The old adage “You get what you pay for” often applies when talking about legal advice or forms. While the temptation is great to search for legal forms on the internet in an attempt to save money and time, think twice before doing so. People often make the mistake of thinking that a power of attorney form is a relatively simple legal form and that using one found on the internet is harmless. The truth, however, is that a boilerplate power of attorney form can potentially do far more harm than good.
A power of attorney can give the person to whom you wish to give legal authority, referred to as your agent, a considerable amount of control and power over you and your estate. In fact, many power of attorney forms found on the internet give your agent complete control over your estate. In other words, your agent will be able to sell, trade, or transfer any of your assets as well as withdraw funds from your accounts or purchase things in your name. In most cases, this was not what the grantor intended to accomplish with a power of attorney. You can limit the authority granted in a power of attorney; however, it must be drafted with precise language in order to limit the agent’s authority.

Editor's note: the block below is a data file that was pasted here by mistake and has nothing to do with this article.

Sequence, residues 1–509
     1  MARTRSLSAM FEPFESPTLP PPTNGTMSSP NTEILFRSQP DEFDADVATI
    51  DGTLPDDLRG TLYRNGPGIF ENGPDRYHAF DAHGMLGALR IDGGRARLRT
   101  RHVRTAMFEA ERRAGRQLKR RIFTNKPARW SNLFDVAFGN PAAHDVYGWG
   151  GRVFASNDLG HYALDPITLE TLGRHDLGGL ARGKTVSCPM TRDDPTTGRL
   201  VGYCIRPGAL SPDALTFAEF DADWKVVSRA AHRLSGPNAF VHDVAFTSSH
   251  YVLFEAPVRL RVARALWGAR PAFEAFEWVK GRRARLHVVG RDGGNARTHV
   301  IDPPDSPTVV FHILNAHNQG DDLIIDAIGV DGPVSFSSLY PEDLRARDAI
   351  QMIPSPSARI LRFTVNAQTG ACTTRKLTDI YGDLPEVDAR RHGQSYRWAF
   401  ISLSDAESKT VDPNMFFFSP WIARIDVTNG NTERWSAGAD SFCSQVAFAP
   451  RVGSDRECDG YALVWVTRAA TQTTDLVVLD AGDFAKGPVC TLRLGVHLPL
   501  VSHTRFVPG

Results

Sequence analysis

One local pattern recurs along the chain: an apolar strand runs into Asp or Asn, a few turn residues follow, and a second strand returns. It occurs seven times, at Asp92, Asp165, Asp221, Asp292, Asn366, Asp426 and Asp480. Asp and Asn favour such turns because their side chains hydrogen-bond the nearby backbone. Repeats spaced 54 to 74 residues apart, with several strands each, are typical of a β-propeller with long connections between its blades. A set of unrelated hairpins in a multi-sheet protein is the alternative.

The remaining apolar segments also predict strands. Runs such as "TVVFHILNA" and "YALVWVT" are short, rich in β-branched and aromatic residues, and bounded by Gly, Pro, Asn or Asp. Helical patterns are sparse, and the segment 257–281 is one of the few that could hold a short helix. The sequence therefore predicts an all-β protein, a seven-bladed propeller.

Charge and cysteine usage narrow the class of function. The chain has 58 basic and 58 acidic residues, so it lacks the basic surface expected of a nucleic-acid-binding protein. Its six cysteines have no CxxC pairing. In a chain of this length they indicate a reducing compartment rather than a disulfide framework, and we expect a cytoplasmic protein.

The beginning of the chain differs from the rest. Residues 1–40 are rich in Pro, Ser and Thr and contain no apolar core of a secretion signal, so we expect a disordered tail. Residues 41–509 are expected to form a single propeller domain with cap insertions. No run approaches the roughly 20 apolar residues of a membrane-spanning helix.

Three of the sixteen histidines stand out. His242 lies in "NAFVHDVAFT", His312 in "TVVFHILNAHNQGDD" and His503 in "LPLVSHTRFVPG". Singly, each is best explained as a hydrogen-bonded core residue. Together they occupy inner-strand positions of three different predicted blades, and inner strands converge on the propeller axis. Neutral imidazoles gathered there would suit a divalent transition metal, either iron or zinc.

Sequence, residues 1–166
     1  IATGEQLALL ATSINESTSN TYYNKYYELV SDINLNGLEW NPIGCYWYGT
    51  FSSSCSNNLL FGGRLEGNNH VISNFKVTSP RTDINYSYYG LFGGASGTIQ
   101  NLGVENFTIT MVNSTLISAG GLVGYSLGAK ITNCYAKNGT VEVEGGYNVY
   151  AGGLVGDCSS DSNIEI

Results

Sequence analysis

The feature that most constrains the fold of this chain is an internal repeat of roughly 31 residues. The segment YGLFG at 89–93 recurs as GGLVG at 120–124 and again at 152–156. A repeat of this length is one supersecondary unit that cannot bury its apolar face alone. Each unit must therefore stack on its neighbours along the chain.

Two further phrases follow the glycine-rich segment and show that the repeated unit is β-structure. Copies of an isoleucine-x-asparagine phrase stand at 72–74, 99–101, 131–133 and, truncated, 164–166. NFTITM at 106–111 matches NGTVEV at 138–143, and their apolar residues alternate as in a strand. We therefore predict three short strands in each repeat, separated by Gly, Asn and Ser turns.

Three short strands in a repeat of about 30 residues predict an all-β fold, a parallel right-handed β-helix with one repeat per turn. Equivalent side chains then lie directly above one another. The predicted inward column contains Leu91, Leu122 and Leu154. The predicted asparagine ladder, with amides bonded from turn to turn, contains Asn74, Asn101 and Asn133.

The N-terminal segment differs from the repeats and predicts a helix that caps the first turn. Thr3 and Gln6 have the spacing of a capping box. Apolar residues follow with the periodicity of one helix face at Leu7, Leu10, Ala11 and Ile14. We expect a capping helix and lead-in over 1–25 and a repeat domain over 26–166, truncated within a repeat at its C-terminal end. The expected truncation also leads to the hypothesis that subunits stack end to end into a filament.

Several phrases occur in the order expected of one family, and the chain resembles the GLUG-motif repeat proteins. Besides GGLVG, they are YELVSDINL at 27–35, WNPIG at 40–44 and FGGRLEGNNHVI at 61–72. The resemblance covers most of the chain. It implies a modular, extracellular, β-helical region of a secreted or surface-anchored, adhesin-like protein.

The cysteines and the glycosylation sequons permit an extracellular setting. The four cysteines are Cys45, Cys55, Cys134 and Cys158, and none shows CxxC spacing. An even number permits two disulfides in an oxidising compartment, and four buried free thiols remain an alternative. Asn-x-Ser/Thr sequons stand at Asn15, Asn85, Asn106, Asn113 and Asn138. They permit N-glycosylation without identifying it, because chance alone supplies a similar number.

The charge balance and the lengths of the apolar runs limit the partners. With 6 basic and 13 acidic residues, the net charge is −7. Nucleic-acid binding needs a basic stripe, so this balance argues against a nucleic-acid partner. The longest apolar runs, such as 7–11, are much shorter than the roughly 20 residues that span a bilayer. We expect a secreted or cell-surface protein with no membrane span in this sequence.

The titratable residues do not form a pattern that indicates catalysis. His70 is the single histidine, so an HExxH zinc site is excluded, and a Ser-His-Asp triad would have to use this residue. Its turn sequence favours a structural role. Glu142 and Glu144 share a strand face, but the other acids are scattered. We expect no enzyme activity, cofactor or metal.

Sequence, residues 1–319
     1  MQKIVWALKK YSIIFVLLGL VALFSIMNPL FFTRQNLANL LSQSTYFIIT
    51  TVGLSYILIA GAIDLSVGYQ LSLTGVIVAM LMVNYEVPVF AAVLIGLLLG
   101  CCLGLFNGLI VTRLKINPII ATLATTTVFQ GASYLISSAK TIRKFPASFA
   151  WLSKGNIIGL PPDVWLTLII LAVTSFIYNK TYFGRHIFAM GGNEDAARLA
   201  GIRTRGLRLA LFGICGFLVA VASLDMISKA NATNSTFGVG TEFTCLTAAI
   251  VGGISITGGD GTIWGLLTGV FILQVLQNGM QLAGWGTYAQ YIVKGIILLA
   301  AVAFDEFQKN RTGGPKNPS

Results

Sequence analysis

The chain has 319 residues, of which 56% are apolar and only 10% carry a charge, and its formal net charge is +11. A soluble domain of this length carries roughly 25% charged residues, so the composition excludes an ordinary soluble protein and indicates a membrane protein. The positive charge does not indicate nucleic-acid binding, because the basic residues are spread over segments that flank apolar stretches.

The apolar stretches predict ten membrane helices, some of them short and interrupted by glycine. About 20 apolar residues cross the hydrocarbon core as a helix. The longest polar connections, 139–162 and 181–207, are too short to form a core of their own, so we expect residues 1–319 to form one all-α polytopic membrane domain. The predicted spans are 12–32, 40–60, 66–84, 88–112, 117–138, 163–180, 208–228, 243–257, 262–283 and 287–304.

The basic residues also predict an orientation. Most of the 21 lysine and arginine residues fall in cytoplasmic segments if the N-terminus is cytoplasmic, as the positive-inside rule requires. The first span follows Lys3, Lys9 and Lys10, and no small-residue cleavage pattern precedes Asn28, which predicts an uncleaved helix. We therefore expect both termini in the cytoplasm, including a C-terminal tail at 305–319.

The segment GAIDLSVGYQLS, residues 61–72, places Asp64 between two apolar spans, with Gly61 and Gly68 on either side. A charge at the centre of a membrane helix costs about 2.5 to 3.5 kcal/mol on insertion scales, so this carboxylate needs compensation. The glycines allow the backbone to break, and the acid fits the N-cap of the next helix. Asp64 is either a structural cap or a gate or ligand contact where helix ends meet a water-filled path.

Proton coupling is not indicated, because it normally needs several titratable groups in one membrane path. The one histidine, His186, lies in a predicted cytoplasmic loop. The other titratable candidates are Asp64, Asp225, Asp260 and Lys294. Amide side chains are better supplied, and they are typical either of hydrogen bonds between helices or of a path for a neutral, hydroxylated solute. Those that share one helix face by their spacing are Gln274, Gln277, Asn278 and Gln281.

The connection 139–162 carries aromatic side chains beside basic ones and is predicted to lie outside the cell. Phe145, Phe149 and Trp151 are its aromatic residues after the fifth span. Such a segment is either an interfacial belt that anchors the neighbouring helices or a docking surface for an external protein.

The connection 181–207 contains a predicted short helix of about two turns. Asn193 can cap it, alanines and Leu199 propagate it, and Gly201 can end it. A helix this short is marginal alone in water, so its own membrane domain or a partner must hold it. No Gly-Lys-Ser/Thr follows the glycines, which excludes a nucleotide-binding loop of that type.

Furthermore, if your intention was to give someone the authority to make decisions regarding your medical care if you become incapacitated, most boilerplate power of attorney forms do not provide this authority. Again, a power of attorney can accomplish this goal, but only if drafted correctly. Take the time to consult with your estate planning attorney if you think a power of attorney is something you need to include in your estate plan.